It’s no surprise online retail giant Amazon.com entered the industrial market in 2012 with the launch of Amazonsupply.com.
After all, the market for U.S. industrial supplies is more than $150 billion. It may appear Amazon and other industrial merchant sites will create downward price pressure and increased competition for wholesalers and distributors, eventually eroding their margins. While this will put pressure on margins, growing acceptance of the Web as a channel in business-to-business transactions could offset and potentially outweigh that effect for some smart B2B suppliers.
Today, B2B sellers differentiate pricing through customer-specific negotiations. Sellers offer and buyers accept different prices reflecting the relative costs and value of the relationships. Given the confidential “opaque” nature of these agreements, customers don’t really know how their pricing compares to others. This lack of price transparency always has existed and been accepted in B2B markets because competitors force suppliers to keep prices within an acceptable range.
The emergence of industrial merchant websites seeks to disrupt existing customer-supplier relationships resulting in more transparency and consistency in pricing. By publishing prices for thousands of industrial products online buyers have a new, potentially lower price point to comparison shop. If Amazonsupply.com and other Web-only suppliers pull acceptable prices down for a significant portion of the industrial spend, then relationship-based brick-and-mortar companies will have to respond. This will be especially problematic if buyers only care about price.
The reality is industrial merchant sites are likely to be no different than the multitude of small, local, low-cost distributors that large distributors have been effectively competing with for years. Top-tier distributors have an integrated value proposition, including portfolio breadth, technical support and financing for which many customers are willing to pay. In fact, much of the existing price differentiation already reflects the degree to which buyers value those offerings.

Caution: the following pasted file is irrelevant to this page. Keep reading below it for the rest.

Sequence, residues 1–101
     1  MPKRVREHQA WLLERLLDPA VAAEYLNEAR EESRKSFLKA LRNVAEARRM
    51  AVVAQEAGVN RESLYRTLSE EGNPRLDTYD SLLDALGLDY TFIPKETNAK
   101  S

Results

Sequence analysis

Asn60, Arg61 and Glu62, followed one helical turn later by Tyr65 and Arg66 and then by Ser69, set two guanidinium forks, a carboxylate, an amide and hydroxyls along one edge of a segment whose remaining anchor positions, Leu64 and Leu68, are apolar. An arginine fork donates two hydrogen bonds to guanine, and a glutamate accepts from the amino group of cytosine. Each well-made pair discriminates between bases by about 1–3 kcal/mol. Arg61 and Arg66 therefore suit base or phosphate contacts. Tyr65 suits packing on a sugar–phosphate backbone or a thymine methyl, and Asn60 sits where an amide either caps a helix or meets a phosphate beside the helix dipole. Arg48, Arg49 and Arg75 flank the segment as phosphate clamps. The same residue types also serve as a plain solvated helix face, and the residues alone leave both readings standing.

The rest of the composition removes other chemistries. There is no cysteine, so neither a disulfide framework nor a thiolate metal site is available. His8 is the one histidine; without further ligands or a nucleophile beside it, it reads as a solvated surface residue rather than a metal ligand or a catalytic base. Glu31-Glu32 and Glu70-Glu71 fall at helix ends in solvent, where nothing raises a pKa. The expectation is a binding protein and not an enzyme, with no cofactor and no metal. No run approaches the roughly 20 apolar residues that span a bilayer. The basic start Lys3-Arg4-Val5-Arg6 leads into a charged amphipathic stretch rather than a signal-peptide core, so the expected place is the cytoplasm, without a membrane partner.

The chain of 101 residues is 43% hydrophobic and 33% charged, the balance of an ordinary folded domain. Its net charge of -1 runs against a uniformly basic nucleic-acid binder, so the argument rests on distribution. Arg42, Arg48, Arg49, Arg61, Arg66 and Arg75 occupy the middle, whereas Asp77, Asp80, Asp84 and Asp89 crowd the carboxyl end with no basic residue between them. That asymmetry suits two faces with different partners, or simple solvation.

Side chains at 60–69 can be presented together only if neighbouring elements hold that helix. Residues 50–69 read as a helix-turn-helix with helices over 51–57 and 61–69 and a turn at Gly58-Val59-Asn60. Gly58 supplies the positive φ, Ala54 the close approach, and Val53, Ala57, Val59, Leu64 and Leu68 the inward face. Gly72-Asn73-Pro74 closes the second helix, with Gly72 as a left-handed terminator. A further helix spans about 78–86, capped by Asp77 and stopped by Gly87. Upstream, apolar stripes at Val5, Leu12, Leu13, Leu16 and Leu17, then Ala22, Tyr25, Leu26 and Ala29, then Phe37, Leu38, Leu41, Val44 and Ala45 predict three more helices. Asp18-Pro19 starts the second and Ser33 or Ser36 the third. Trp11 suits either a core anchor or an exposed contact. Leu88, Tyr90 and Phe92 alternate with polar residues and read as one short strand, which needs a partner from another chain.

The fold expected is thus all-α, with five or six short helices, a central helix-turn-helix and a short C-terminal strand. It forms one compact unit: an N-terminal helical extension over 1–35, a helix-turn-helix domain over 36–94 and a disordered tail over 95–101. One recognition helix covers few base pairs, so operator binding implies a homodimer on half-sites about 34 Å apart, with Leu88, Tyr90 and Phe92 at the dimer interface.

Take Grainger, for example. As North America’s largest supplier of maintenance, repair and operating products, the company competes by helping customers minimize costly unplanned MRO spending and saving them money over the long term – value-added services industrial merchant sites can’t match.
As long as large distributors remain diligent on communicating and delivering differentiation, Web-only players are likely to capture only a small piece of the total market, most likely where margins already are thin.
Instead of taking a wait-and-see approach, suppliers who are developing their own e-commerce channels have an opportunity to achieve better prices and margins overall, offsetting any negative impacts from merchant sites.
Online transactions are beginning to account for a higher percentage of sales, replacing some manual catalog and inside sales transactions. However, the effect on margins is not fixed. Just providing undifferentiated trade prices on the Web and forcing customers to call for a real price quote won’t help distributors compete with Amazonsupply.com or increase profits.
Industry leaders are beginning to integrate differentiated prices into their own secure e-commerce sites and online quoting tools. Winning business at customer-specific target prices over the Web is actually easier than through manual, negotiated channels. Here’s why: When a customer is negotiating a transaction, the sales rep, out of fear of losing the sale, is likely to offer a discounted price that is lower than what the buyer was actually willing to pay. An e-commerce site, by contrast, doesn’t negotiate or over-discount.
When truly differentiated prices are offered through an e-commerce site, distributors see better price realization, higher profits and lower costs to serve customers. Smart companies will exploit this, more than offsetting the downside of increased price transparency from industrial merchant sites.